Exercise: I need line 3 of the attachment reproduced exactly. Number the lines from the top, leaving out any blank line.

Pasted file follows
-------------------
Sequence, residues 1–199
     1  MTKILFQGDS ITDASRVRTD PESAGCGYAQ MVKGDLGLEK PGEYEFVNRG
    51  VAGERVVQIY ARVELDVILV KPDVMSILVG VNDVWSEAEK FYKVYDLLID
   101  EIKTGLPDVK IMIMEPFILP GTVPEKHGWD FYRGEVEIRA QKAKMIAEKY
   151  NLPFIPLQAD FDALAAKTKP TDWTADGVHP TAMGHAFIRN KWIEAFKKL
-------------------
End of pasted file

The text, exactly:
    51  VAGERVVQIY ARVELDVILV KPDVMSILVG VNDVWSEAEK FYKVYDLLID